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Error Detection and Correction for 4-Bit-Wide Memories

IP.com Disclosure Number: IPCOM000034363D
Original Publication Date: 1989-Feb-01
Included in the Prior Art Database: 2005-Jan-27
Document File: 6 page(s) / 230K

Publishing Venue

IBM

Related People

Dennis, CA: AUTHOR

Abstract

A novel code design is shown which detects and corrects the highest probable 4-bit-wide memory errors. Error detection and correction (EDC) is used to improve the effective reliability of a memory by detecting and correcting the most (Image Omitted) probable errors. Single bit Hamming EDC codes correct single-bit errors and can detect, without correcting, double-bit errors when an overall parity bit is appended to the word in storage. The predominate error mode for 1-bit wide memory chips is a soft or hard error in a single cell of a word in the storage array or a bit line failure. The next most likely error mode is due to an addressing error on the chip, a word line failure or a power failure on the chip. Both error modes manifest themselves as a single bit error.

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Error Detection and Correction for 4-Bit-Wide Memories

A novel code design is shown which detects and corrects the highest probable 4-bit-wide memory errors. Error detection and correction (EDC) is used to improve the effective reliability of a memory by detecting and correcting the most

(Image Omitted)

probable errors. Single bit Hamming EDC codes correct single-bit errors and can detect, without correcting, double-bit errors when an overall parity bit is appended to the word in storage.

The predominate error mode for 1-bit wide memory chips is a soft or hard error in a single cell of a word in the storage array or a bit line failure. The next most likely error mode is due to an addressing error on the chip, a word line failure or a power failure on the chip. Both error modes manifest themselves as a single bit error. In 4-bit-wide memories, only the first error mode necessarily manifests itself as a single-bit error. The second error mode (global chip error) manifests itself as 0 to 4 bits in error in the fetched word. A novel code is shown which provides effective EDC for both error modes in a 4-bit-wide memory organization, specifically for memories organized up to 60-bit words. By dividing the 60-bit data word to be stored by two polynomials, i.e., x4 + x3 + 1 and x4 + 1, a remainder of 4 bits resulting from each divide, a total of 8 new bits (designated as Gm and Bm), are appended to the word written into memory (Fig. 1a). Subsequently, the data portion of the word fetched from memory is divided by the same two polynomials and the resultant 4-bit remainders are exclusive-ORed with the values Gm and Bm contained in the word fetched. The results, G and B syndrome (Gs & Bs), are used to determine if a detectable error has occurred and what corrections, if any, are necessary (Fig. 1b).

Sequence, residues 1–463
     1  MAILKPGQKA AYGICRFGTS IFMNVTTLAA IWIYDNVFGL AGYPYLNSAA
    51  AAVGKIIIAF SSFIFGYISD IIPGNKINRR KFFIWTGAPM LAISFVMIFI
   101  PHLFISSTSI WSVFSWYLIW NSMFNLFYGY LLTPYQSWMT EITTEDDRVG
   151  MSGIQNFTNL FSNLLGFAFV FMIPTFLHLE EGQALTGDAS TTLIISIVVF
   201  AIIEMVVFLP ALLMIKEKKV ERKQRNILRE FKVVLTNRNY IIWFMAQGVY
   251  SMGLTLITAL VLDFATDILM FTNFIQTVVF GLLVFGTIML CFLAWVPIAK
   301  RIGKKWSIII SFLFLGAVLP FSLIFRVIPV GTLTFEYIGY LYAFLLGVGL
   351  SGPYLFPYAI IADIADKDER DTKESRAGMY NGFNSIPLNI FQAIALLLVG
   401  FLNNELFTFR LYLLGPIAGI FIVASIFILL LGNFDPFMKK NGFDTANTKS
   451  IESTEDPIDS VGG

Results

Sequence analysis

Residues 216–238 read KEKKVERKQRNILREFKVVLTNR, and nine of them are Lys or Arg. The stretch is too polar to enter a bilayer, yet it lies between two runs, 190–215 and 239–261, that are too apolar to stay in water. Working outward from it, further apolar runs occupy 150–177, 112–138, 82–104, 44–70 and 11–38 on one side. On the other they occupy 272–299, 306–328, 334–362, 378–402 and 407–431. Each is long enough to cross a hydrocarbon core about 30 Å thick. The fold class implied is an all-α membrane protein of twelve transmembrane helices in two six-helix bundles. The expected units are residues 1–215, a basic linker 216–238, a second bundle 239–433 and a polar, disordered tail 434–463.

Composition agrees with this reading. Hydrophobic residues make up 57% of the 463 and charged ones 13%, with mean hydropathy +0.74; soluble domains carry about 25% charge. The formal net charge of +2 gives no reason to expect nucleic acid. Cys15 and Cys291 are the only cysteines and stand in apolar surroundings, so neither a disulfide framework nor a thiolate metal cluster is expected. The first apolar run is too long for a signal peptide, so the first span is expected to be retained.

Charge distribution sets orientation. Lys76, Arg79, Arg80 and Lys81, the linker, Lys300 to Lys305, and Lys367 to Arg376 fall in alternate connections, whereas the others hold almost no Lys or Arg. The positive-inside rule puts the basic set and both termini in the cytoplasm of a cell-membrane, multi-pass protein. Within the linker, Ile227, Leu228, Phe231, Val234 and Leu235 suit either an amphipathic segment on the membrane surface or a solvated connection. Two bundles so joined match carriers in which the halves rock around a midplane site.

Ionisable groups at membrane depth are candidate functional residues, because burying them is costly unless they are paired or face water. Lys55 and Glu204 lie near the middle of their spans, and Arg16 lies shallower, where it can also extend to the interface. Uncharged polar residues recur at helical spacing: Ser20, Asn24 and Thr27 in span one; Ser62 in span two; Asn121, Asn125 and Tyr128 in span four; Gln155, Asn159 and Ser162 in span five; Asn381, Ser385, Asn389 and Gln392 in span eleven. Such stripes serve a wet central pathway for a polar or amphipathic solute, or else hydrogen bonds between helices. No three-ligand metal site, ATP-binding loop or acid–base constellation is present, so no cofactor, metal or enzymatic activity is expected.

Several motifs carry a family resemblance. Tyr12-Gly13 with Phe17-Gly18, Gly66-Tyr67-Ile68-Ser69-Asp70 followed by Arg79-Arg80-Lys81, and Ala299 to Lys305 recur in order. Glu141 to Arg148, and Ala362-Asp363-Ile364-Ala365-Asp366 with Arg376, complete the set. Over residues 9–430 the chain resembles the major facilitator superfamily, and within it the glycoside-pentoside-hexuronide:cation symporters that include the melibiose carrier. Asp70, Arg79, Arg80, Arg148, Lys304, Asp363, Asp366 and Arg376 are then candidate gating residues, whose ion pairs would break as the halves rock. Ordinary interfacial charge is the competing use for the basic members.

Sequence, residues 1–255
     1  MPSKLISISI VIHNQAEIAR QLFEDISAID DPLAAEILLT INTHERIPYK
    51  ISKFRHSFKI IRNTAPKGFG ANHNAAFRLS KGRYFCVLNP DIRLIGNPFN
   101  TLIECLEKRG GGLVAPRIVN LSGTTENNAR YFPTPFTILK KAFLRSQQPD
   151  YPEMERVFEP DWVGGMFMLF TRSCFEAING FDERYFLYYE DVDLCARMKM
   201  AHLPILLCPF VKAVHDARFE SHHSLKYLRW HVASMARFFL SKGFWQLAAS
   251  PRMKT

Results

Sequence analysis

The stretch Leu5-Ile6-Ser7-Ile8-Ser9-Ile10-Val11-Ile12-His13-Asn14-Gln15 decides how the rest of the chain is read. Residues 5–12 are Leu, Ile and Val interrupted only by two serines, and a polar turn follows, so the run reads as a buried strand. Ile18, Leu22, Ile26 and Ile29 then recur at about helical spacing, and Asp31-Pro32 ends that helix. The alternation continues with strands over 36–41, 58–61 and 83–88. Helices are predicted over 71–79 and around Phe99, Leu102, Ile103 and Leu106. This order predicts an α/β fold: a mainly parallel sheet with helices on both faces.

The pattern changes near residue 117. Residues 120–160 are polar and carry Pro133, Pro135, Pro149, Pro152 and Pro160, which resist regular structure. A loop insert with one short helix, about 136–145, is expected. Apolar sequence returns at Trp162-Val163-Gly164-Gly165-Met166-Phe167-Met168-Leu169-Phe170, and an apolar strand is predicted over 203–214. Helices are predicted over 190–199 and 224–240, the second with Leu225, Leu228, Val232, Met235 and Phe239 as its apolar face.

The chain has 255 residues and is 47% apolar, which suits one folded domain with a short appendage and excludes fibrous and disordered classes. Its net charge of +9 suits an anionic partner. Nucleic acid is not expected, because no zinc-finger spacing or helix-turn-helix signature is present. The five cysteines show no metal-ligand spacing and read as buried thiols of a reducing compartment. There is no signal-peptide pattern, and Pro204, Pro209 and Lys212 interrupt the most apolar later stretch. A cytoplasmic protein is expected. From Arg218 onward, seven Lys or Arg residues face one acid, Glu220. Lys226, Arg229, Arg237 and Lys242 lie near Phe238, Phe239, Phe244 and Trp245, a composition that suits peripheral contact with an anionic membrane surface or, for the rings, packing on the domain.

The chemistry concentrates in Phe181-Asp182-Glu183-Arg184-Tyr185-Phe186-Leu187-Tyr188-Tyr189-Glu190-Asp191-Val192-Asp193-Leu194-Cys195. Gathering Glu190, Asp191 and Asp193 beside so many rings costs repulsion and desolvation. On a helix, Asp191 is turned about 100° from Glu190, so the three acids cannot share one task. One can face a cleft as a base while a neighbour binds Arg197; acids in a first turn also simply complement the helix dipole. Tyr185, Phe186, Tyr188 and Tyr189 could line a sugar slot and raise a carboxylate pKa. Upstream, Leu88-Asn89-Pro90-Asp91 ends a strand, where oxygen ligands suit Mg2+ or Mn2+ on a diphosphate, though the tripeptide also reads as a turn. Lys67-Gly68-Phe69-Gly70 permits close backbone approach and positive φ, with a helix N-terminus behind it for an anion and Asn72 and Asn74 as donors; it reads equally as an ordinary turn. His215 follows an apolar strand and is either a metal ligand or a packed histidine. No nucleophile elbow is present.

(Image Omitted)

The correction format is as follows:

1) Bs = 0, Gs = 0 No error. (No correction).

2) Bs = 0, Gs is not 0 Gm in error. (No correction).

3) Bs is not 0, Gs = 0 Bs in error. (No correction).

4) Bs is not 0, Gs is not 0 Error in data word.(Correction).

The code-generating matrix for the first error mode is shown in Fig.
2. Labeling the rows with the bit numbers of the data portion of a word (0 to 59), the right four columns indicate how to generate each bit of the Gm character. A particular column in the matrix, i.e., (G0 - G3), is dedicated to each bit in the Gm character. A one in a row indicates that the corresponding data bit is to be included in a binary sum. A binary sum of a set of bits is performed by exclusive-ORing together all bits in the set, i.e., a value for G0 is formed by exclusive-ORing together data bits 0, 4, 7, 8, 10, 12, 13, 14, 15, 19, 22, 23, 25, 27, 28, 29, 30, 34, 37, 38, 40, 42, 43, 44, 45, 49, 52, 53, 55, 57, 58...